Showing 4 posts from October 2012.

Thirteen Month gap Between Protected Activity and Alleged Retaliation Leads To Summary Judgment For Employer

In Anderson v. Donahoe, a U.S. Postal Service employee suffered from asthma. The employee claimed his employer failed to accommodate his disability which allegedly arose due to flare ups of his condition that he experienced while working as a part-time mail processor. For seven years, from 2002 through 2009, the employee filed multiple complaints with the Equal Employment Opportunity Commission (EEOC) and the Occupational Safety and Health Administration (OSHA) in addition to union grievances, requesting a reasonable accommodation of his disability. During the same seven-year period, the employee had extended periods of absences from work. The employee sued his employer claiming that it had violated the Americans with Disability Act (ADA), the Family Medical Leave Act (FMLA), and the Rehabilitation Act. The trial court granted the employer summary judgment. The employee appealed. The Seventh Circuit of the U.S. Court of Appeals affirmed the granting of summary judgment against the employee. More ›

Tax Court Finds Masonry Contractors to be “Employees”

In this case, the employer, an S corporation that operated a masonry subcontracting business, treated its workers as independent contractors and not employees. The workers were hired on a per-job basis, brought their own tools to the jobs, were free to work for other employers and were paid on a piecework basis in cash. The payments made to the workers were often not adequately recorded and minimal documentation existed. The employer was then selected for an employment tax audit through which the Internal Revenue Service (IRS) determined the workers should have been categorized as employees. As a result it determined the employer owed employment taxes it should have originally withheld, along with penalties and interest on these amounts and penalties for the failure to file returns and remit these amounts. More ›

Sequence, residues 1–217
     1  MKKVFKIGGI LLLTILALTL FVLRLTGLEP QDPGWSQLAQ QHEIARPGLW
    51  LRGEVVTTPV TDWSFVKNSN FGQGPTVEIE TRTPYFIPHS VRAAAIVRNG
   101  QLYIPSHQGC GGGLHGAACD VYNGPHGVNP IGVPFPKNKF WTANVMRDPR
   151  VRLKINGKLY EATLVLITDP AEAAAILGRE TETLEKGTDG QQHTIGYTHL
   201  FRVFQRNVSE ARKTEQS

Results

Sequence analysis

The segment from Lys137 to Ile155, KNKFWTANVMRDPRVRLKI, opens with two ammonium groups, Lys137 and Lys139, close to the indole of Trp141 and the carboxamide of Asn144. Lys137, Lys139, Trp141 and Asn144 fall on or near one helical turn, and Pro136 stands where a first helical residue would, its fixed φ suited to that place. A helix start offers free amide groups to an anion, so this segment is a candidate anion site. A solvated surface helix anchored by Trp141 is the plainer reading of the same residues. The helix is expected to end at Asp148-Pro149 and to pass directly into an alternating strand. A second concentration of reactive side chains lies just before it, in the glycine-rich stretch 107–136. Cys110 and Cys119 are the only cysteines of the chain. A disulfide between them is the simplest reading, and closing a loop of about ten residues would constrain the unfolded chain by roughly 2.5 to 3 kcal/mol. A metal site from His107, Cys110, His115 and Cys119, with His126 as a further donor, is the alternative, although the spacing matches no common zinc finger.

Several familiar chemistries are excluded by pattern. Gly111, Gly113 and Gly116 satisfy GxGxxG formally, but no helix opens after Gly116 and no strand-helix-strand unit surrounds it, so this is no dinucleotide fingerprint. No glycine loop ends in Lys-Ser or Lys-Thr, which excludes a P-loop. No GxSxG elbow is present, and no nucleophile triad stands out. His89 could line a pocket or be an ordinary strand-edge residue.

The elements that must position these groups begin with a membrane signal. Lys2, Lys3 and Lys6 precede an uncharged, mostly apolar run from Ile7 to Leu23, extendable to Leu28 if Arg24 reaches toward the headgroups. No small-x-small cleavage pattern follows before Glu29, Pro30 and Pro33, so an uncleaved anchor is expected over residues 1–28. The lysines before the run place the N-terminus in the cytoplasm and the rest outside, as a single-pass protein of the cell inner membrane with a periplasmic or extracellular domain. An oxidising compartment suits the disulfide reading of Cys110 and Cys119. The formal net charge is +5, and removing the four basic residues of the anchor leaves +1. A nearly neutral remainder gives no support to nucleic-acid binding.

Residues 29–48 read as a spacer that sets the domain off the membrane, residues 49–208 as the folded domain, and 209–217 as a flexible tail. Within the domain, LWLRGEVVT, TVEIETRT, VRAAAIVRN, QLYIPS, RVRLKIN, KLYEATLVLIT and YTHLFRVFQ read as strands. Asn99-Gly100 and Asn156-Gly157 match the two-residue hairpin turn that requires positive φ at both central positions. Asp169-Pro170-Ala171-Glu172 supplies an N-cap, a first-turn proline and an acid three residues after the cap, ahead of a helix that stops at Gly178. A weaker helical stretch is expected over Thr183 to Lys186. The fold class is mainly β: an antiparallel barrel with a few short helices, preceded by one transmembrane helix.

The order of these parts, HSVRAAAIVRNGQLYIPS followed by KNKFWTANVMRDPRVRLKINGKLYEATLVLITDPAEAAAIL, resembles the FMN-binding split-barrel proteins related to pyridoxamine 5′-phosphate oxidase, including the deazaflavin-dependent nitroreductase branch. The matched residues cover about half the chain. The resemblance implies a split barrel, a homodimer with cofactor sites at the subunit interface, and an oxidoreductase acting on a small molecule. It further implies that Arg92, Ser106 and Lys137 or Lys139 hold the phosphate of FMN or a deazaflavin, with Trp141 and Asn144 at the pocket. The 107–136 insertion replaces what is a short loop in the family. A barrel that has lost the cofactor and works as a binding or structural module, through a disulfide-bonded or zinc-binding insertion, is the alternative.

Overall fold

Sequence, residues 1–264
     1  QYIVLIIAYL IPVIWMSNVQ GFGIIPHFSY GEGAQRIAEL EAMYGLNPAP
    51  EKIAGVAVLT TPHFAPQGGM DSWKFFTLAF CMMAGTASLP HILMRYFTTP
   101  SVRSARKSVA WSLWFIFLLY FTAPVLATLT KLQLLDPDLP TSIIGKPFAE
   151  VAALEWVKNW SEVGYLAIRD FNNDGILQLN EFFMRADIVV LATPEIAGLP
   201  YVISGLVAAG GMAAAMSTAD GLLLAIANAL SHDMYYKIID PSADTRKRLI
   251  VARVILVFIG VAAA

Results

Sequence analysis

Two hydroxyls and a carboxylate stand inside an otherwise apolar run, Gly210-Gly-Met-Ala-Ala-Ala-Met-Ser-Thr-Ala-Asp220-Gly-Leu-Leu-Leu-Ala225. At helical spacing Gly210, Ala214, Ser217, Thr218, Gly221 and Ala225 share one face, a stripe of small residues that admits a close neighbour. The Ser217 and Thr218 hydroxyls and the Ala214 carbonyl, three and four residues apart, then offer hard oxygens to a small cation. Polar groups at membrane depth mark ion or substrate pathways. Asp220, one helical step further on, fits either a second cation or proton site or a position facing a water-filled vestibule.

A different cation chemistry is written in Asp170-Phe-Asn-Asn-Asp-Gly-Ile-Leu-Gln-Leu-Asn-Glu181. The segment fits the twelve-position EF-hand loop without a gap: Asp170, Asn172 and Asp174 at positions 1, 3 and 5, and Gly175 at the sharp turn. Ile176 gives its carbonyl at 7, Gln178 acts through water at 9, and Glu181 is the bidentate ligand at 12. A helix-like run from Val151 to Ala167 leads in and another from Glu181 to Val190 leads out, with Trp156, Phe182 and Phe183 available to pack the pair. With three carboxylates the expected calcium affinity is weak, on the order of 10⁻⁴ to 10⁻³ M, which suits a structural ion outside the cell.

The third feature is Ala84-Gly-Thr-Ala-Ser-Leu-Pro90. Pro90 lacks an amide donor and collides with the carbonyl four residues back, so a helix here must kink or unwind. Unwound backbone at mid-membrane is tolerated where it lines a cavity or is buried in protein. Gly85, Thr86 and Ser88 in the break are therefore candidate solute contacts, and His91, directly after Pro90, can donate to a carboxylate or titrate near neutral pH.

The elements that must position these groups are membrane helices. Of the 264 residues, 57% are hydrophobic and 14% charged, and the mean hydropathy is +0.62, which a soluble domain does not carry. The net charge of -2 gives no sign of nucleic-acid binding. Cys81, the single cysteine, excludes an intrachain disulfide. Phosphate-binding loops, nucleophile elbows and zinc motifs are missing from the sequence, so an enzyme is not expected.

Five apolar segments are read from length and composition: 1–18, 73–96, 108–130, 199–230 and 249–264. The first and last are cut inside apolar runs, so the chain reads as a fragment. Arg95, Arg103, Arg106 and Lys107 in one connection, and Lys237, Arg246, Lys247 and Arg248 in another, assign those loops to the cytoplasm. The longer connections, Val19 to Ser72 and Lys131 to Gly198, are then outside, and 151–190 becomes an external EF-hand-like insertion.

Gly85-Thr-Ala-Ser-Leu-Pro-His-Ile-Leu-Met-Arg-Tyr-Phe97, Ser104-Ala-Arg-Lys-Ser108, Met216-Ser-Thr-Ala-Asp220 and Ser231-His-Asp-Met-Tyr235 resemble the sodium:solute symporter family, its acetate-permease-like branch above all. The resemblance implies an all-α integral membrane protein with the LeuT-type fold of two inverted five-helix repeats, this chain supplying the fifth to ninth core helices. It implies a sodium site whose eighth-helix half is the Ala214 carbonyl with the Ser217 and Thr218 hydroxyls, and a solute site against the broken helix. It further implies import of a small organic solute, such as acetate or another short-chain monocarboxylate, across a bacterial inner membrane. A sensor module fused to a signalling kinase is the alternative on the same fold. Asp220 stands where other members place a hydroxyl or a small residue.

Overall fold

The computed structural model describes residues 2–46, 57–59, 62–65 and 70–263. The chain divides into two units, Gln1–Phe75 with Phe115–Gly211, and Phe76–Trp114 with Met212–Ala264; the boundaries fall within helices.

Seventh Circuit Affirms Summary Judgment Against Illinois Eavesdropping Law Claim

Illinois is somewhat unique among the states when it comes to its eavesdropping statute. Illinois has a statute which prohibits recording a phone conversation unless all the parties to the conversation consent. 720 ILCS 5/14-2(a)(1). In the same act, persons are barred from later using or distributing any data procured through a recording that lacks the required unanimous consent. 720 ILCS 5/14-2(a)(3). There are exceptions, and a significant one covers a situation where one of the parties to the conversation has fear of a crime occurring. 720 ILCS 5/14-3(i). The statutory exception imposes specific requirements, including that one of the parties to the conversation makes or requests the making of the recording, that said person has a reasonable suspicion that another party to the conversation has committed, is committing, or is about to commit a crime against that person or a member of that person's immediate household, and that the recording of the conversation may produce evidence of that criminal offense. Id. More ›

NLRB: Auto Dealership did not Violate Labor Law when it Fired Employee for Posting Facebook Photos of Accident at Sales Event

In a decision made public yesterday, the National Labor Relations Board determined that a car dealership employee who was terminated for posting mocking photos on Facebook of a serious accident at its "Ultimate Driving Event" was not engaged in concerted activity, and that his termination. therefore, did not violate the National Labor Relations Act. The decision in Knauz Motors, Inc. d/b/a Knauz BMW, Case 13-CA-046452 (Sep. 28, 2012), is not all good news for employers, however, as the Board suggested that other photos posted by the employee, which mocked the food at the sales event — but which no other employee commented on or joined in — constituted protected activity because they related to earlier complaints from the sales team regarding the food. More ›